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Tool developed to help build cold tolerant crops

150 years of plant breeding provides the key.
Registration for any new variety of any crop requires comparison trials to an existing similar crop. That’s a problem for all winter pulse breeders because there are no existing winter pulse crops with which to make that required comparison.

WESTERN PRODUCER — Plant breeders have toiled to insert cold-tolerance genetics into North American crops since 1874, when the first Russian Mennonite immigrants brought seed stock to Kansas.

It has not been a random hit-and-miss endeavour, nor has it focused only on cereals. Cold-tolerant genetics are now found in a variety of commercial field crops, giving farmers new tools in expanding crop rotations and cash flow.

Winter wheat and fall rye have been mainstream crops for five decades. Farmers appreciate that fall-seeded crops make better use of soil moisture, equipment and manpower, along with higher yields and better grades.

But it takes tools to build something of value. What are the tools used by today’s researchers?

Over the past 150 years, plant breeders have kept meticulous records of successes and failures. But with millions of data points over that length of time, it’s been a gargantuan task to optimize the information and increase the number of commercially viable fall-seeded crops.

That was the assessment in the early 1990s of retired CDC winter wheat breeder Brian Fowler. Fowler began his cold-tolerance research in 1971, posting 15 registered winter wheat varieties in his career.

By 1990, he realized he was sitting on a treasure trove of data that could contribute to the development of fall-seeded crops in the future. But the future Fowler envisioned extended far beyond winter wheat. He realized the genetics of winter survival were not unique to winter cereals. This trait could be inserted into virtually any crop commonly grown on the Prairies.

To organize and use this massive volume of cold-tolerance data, Fowler began working in 1996 on a project he called the Winter Crop Survival Model. To date, this technology has been applied to canola, camelina, peas and lentils.

The collaborator in this project has been Ken Greer of Western Ag. In a phone interview, Greer said they had clearly defined criteria in the early stages of inserting cold tolerance into an existing prairie crop, and in building the model.

“Our first concern wasn’t yield. It’s what we learned from the field. We know the crops have good yield potential, that’s why we selected them. Now we need to make them survive the winter,” said Greer.

“We had winter wheat and winter lentil plots in Saskatoon planted into chem fallow. Bad idea maybe, but it pushed the two crops to their limit. The winter wheat made it through with about 75 percent damage. The winter lentils are just a little more tender. They didn’t quite make it. They were right on the bubble.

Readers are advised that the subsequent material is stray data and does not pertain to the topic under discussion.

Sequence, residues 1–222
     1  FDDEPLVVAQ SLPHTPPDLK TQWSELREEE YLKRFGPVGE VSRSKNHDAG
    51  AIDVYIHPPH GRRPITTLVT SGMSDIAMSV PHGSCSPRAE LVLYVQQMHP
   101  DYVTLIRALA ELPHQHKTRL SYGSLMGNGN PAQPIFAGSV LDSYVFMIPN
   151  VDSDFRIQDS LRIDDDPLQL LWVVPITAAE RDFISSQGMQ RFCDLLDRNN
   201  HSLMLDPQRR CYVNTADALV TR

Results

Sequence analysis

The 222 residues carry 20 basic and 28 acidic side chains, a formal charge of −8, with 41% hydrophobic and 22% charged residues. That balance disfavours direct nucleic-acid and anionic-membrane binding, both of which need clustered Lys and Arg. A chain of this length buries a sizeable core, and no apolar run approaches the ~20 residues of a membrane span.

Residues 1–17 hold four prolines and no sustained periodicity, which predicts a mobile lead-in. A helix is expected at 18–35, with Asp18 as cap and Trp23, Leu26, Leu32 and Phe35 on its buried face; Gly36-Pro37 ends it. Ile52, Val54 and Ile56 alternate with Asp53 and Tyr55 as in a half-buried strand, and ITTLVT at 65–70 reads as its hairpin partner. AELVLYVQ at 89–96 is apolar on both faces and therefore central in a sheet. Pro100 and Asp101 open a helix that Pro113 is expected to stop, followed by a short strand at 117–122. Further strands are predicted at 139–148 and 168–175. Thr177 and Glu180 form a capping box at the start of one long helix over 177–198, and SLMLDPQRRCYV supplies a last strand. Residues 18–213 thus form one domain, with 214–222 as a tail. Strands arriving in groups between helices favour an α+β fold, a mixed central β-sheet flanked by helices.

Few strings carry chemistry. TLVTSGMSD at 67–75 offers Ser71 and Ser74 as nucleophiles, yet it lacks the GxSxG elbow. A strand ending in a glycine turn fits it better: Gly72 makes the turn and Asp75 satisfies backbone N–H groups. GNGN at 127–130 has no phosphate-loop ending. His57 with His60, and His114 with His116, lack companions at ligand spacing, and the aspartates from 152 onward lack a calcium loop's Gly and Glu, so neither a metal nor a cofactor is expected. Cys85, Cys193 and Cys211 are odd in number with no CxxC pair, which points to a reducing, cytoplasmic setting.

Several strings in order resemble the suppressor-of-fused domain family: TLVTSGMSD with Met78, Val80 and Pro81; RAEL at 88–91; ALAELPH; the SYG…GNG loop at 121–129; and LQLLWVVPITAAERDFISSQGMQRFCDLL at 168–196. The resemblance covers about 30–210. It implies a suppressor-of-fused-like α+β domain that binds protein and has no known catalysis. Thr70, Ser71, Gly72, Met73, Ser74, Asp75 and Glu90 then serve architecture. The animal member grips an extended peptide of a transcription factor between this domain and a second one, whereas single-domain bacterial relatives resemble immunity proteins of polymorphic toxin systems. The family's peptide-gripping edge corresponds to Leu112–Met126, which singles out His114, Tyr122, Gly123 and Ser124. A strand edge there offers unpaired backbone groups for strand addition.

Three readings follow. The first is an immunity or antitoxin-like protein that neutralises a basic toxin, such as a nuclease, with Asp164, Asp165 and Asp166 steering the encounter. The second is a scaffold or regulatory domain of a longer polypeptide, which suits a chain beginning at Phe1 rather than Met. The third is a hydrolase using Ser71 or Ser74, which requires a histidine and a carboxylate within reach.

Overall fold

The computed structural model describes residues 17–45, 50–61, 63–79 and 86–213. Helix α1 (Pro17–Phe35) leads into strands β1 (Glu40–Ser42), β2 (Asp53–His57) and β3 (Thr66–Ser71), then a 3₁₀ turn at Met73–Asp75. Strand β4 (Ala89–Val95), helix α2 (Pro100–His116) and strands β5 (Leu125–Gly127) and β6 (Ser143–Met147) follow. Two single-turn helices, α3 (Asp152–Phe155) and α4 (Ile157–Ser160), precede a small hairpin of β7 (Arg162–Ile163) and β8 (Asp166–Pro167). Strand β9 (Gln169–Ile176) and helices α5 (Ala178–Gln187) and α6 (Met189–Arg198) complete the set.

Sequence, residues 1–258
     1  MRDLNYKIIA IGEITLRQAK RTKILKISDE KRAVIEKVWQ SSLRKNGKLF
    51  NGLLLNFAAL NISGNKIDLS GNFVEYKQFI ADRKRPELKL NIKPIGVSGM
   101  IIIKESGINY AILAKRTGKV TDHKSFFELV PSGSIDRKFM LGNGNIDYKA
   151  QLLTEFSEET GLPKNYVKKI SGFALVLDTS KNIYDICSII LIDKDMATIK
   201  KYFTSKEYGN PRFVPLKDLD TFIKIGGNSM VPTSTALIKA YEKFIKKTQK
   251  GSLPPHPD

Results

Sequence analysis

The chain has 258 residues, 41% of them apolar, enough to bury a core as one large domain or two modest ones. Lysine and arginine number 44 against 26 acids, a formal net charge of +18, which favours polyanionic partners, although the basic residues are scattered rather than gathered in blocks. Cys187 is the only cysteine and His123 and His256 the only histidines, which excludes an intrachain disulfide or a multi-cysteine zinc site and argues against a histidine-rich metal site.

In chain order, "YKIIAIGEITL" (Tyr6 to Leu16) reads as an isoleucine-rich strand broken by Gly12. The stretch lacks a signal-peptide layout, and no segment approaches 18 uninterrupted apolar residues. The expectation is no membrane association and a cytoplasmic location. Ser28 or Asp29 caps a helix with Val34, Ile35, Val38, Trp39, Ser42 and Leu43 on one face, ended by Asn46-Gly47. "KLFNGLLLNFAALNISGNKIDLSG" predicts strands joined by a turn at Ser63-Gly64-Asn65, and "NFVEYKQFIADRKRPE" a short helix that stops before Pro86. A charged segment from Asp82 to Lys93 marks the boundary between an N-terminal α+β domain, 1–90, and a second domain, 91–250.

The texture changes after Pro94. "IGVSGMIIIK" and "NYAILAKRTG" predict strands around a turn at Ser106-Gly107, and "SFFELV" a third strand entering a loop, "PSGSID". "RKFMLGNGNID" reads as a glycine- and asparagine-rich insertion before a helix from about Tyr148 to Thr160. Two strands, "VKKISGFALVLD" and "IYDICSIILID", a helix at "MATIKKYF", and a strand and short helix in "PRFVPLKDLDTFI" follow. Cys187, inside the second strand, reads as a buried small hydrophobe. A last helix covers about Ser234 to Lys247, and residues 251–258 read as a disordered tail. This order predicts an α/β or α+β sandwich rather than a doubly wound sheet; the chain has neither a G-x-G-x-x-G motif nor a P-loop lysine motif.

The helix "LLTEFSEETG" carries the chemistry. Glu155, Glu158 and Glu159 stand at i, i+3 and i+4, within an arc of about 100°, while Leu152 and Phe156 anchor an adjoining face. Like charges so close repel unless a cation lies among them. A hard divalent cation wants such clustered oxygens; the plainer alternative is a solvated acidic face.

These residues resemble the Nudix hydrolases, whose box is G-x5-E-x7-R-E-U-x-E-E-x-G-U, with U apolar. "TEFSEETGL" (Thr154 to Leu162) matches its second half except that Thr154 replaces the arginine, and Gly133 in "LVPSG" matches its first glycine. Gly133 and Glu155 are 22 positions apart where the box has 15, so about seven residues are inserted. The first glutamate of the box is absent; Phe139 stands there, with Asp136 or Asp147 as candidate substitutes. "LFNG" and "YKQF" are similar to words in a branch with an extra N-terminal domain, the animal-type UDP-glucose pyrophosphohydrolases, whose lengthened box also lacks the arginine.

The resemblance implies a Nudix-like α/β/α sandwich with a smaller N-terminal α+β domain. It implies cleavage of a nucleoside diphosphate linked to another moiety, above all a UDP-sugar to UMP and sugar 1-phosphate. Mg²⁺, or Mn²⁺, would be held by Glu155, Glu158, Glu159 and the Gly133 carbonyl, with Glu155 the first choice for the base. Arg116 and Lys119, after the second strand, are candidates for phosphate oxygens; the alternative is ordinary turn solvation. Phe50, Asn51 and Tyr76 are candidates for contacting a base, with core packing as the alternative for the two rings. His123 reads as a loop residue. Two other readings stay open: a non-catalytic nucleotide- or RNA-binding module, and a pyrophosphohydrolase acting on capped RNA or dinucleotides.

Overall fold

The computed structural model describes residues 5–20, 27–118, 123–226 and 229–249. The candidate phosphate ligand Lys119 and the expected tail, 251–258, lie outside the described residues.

“Which was great actually, because that’s what Winter Crop Survival Model predicted. It meant the data Brian put into the model 30 years ago was right on target. So the model is very useful in transferring cold tolerance to other prairie crops. Which is exactly what we’re doing.”

In 2002, Greer started re-building the model with Fowler, which was still in MS basic code. Greer and Western Ag helped deconstruct the original old code winter crop survival system and rebuild it as a more user-friendly platform.

The upgraded version not only expands the range of winter cereals, such as barley and oats, but also includes broadleaf crops like winter peas and winter camelina.

Perhaps the most significant crop on the list in winter lentils. The model also now includes the winterkill risk factors for specific combinations of locations and crops.

In 2021, the paper Fowler and Greer published on the survival predictor won an award from the Crop Science Society of America. The paper Modeling Winter Survival in Cereals: An Interactive Tool is available on the system website.

“Farmers can access the entire system for free. Dr. Fowler is a great mentor. He focuses on giving back to farmers. His life’s work is in the algorithms. His algorithms are available for people to learn from, use and copy, no charge.

“Since we produced the original paper, we’ve been collaborating with a number of winter crop researchers to upgrade the algorithms and incorporate more knowledge. More testing and validation make the system more accurate. We’re working with plant breeders in Germany, Poland, Quebec and, of course, all the researchers across the Prairies.”

After Fowler retired from personal involvement in developing new varieties, he focused on exploring the genetics of cold tolerance. This deeper knowledge has opened the door to new winter crops, including broadleaf winter crops. Greer said the research Fowler documented in his career is in the crop survival model.

“But it’s not all genetics. Each individual plant has to harden against the cold. It has to condition itself just like a boxer conditions himself before a big fight. Winter is the big fight for a fall-seeded plant, so it has to be hardened, conditioned. It has to grow enough before winter.

“We started with three winter lentil varieties. One didn’t look so good, so we dropped it from the trials. We’re getting our best survival and yield from SuperCool.”

Greer said gathering good data on winter crops is a bigger challenge than data collection on spring crops. This past winter, some batteries in data collection stations went dead in the coldest periods. Data from those locations go into the trash.

It’s like the old farmer saying, “There’s always next summer.” Greer echoes the same sentiment. “There’s always next winter.”

The Winter Crop Survival Model can be found at